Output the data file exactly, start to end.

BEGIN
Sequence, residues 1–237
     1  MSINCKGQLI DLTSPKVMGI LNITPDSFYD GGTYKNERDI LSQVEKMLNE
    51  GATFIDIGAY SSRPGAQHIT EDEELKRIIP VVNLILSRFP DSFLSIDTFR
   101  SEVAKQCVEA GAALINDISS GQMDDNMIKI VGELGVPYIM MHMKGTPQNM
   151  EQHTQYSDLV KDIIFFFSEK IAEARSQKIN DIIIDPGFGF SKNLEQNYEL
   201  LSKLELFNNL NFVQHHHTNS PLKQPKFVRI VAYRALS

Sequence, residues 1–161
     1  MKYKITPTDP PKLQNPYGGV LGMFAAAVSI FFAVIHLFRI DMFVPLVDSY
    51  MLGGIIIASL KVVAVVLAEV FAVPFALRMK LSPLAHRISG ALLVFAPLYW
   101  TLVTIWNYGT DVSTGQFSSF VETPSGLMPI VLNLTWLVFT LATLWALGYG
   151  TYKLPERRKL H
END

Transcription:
Sequence, residues 1–237
     1  MSINCKGQLI DLTSPKVMGI LNITPDSFYD GGTYKNERDI LSQVEKMLNE
    51  GATFIDIGAY SSRPGAQHIT EDEELKRIIP VVNLILSRFP DSFLSIDTFR
   101  SEVAKQCVEA GAALINDISS GQMDDNMIKI VGELGVPYIM MHMKGTPQNM
   151  EQHTQYSDLV KDIIFFFSEK IAEARSQKIN DIIIDPGFGF SKNLEQNYEL
   201  LSKLELFNNL NFVQHHHTNS PLKQPKFVRI VAYRALS

Sequence, residues 1–161
     1  MKYKITPTDP PKLQNPYGGV LGMFAAAVSI FFAVIHLFRI DMFVPLVDSY
    51  MLGGIIIASL KVVAVVLAEV FAVPFALRMK LSPLAHRISG ALLVFAPLYW
   101  TLVTIWNYGT DVSTGQFSSF VETPSGLMPI VLNLTWLVFT LATLWALGYG
   151  TYKLPERRKL H